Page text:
There are two issues that face us as a nation and as part of a regional grouping that is still dreaming of the CSME. We first have to contain this killer pandemic, bearing in mind that it will be with us for quite a while.
Additionally, we have to begin to look ahead, to balance health and economic factors as we think of ‘Opening Up’. We also have to monitor what is happening outside of the region bearing in mind that we are part of a global village and can perhaps also learn or at least consider, what is happening elsewhere. Let us be guided by the fact that Wuhan where it all started, has now to contend with some new infections and are planning to test 11 million of its citizens. I state this to remind ourselves that it is not all over and will not be for some time and as we look forward, to step up testing for that dreaded virus. We should also take note that in some countries and areas of the United States they have been attempting to ‘open up’, while there continues to be a spike in cases with the virus and also increasing deaths.
I understand the concerns of governments, especially those of us with weak economies, of the need to get things going again to preserve our economies, as vulnerable as they are. This whole crisis has to remind us that as we look at the governance of our countries, we have to demand and expect more from those we place in the seats of governance. No more Mr Nice and popular guy, but increasingly what he/she brings to the table and also the person’s track record. We have to insist that those in government understand their role and remind them that public servants are not there to genuflect to their whims and fancies. Too often have we seen well established and reputable public servants, quake in their boots for fear of contradicting those in positions of power. This could even be a matter of perception, but it leads inevitably to distrust of what comes from the mouths of those normally well-meaning persons.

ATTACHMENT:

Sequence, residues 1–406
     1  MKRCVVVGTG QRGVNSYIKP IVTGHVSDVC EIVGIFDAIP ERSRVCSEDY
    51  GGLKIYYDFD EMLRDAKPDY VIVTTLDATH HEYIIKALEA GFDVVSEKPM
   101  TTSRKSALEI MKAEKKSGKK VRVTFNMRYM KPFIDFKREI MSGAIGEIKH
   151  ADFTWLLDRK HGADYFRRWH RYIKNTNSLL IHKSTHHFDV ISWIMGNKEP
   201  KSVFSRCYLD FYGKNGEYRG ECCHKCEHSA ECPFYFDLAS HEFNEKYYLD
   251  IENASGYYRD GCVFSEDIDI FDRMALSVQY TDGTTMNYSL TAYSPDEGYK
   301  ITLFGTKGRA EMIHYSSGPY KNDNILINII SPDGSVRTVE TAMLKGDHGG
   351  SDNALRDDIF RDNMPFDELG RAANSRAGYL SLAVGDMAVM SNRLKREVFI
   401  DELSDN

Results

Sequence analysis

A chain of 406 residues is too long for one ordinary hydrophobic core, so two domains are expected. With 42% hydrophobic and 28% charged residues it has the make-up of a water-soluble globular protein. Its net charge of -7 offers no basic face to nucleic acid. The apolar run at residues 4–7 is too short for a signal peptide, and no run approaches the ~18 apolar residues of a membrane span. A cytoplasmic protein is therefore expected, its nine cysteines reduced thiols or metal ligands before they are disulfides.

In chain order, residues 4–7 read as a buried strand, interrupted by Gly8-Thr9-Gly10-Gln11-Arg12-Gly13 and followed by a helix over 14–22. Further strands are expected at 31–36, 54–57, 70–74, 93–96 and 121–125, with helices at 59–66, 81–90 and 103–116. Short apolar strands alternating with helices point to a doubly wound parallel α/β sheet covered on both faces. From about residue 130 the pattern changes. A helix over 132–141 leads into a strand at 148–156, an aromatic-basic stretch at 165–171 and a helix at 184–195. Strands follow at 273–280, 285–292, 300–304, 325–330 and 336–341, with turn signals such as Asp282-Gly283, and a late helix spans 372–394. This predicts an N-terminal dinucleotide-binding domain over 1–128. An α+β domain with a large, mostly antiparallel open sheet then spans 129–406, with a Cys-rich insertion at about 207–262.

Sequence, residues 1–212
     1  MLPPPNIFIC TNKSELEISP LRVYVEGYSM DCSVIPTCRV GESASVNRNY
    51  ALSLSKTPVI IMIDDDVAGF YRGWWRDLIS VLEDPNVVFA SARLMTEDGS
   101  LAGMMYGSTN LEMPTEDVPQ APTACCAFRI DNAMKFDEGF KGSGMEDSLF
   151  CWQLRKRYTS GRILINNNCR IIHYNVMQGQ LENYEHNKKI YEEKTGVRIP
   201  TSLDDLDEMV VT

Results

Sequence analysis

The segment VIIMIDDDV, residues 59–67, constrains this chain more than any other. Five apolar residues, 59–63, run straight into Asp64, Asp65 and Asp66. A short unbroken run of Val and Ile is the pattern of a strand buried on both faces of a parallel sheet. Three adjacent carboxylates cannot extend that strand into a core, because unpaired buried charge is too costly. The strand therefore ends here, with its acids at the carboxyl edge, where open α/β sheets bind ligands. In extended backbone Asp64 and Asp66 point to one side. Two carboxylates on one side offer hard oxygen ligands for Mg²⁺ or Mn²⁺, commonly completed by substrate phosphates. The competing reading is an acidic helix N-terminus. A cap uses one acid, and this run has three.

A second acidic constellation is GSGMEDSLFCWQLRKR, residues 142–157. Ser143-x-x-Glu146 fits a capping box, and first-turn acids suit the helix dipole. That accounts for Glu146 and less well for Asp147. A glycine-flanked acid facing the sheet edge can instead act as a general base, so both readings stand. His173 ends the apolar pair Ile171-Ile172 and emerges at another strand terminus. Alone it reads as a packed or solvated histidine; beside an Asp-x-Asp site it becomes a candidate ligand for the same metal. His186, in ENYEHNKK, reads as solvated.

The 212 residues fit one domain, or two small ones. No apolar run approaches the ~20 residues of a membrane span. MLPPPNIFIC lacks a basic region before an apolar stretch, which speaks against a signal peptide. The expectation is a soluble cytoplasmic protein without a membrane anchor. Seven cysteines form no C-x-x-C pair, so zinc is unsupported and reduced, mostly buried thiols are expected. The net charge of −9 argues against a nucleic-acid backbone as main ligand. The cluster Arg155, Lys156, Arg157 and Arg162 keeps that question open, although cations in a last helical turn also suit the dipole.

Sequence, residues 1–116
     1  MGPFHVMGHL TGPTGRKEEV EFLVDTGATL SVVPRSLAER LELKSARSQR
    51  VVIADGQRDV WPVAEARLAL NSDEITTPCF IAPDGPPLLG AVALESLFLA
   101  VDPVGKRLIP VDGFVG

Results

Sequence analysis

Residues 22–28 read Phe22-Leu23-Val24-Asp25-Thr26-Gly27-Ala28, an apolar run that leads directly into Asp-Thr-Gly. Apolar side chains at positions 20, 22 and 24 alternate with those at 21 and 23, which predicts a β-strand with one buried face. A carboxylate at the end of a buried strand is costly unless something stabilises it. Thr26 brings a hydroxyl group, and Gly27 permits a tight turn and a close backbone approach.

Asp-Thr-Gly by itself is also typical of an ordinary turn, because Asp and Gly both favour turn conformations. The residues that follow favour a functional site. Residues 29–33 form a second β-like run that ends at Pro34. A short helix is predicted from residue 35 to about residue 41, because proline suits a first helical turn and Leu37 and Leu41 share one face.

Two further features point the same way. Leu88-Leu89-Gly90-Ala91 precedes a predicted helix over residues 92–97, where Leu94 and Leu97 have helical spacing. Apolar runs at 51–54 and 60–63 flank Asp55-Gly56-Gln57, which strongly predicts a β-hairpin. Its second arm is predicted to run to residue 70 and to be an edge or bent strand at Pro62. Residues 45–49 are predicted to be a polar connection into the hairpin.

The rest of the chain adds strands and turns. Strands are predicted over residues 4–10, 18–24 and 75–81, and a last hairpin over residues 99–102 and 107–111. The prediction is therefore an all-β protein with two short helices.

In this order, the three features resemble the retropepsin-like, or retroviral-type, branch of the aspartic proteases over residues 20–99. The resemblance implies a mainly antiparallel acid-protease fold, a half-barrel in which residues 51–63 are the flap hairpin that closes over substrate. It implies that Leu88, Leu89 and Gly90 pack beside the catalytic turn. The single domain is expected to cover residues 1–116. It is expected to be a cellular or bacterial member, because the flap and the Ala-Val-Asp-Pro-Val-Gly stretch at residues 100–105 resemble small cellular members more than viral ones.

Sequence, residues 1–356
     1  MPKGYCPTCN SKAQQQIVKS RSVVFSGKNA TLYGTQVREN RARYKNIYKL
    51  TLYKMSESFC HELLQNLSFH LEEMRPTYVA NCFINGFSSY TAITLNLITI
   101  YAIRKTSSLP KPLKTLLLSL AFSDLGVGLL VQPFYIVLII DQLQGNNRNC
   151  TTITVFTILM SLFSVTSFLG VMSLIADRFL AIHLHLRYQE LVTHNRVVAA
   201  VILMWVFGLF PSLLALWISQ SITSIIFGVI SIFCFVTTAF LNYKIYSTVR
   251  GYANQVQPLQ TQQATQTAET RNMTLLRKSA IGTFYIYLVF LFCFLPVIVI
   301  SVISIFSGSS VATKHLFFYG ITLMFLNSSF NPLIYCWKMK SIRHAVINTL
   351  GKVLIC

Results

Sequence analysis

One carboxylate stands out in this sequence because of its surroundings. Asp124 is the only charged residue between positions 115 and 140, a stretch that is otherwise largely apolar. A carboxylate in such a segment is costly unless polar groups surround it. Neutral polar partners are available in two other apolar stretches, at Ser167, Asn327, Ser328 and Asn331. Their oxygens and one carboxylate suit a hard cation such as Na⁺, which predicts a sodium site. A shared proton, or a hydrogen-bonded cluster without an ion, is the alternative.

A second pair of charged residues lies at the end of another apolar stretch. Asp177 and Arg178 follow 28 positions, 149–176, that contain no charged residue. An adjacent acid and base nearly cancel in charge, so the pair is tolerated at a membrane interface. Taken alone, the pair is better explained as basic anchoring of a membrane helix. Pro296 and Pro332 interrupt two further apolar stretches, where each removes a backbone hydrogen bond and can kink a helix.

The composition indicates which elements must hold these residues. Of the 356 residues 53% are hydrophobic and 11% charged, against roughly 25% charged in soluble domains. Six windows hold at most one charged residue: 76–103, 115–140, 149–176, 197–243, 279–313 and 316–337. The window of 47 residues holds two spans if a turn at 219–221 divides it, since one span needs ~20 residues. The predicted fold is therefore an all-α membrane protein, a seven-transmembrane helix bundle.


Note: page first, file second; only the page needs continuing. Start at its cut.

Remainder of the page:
Hopefully, CARICOM, will produce protocols to guide any effort to return to a state of normalcy, if that can ever be possible in the short term. I stress CARICOM, because its members are our trading partners and it will be disastrous if we follow different paths, claiming that we are, when all is said and done, sovereign states. What needs to be done quickly is to begin to conceive of the world beyond COVID-19, because it is not going to be business as usual either in the short term or long term. I stated in my last column that some of our neighbours are beginning to establish Task Forces to look at the way forward. Our large dependency on Tourism as a region has to be looked at again. It is estimated, according to David Jessop, that our regional food import bill between now and 2022 is estimated to reach between US$8 – 10 billion. A staggering amount! Should we not be putting more emphasis on feeding ourselves? This will also involve a large education component since we have to get rid of the mindset that what comes from outside is better. Ironically at this time we are beginning to talk about the benefits of our local produce in building our immunity systems!
To use Tourism as an example, have we begun to conceive of what the Tourist industry will look like in the foreseeable future, that is, if we are able to get it off the ground? What will people who want to visit our countries expect of us, particularly regarding health and security? With limited travel in the foreseeable future, what will attract visitors to our country? What of agriculture, not only feeding ourselves, but having a greater integration between agriculture and tourism in terms of feeding our visitors? There are many questions on the table and there cannot be business as usual!
Dr Adrian Fraser is a social commentator and historian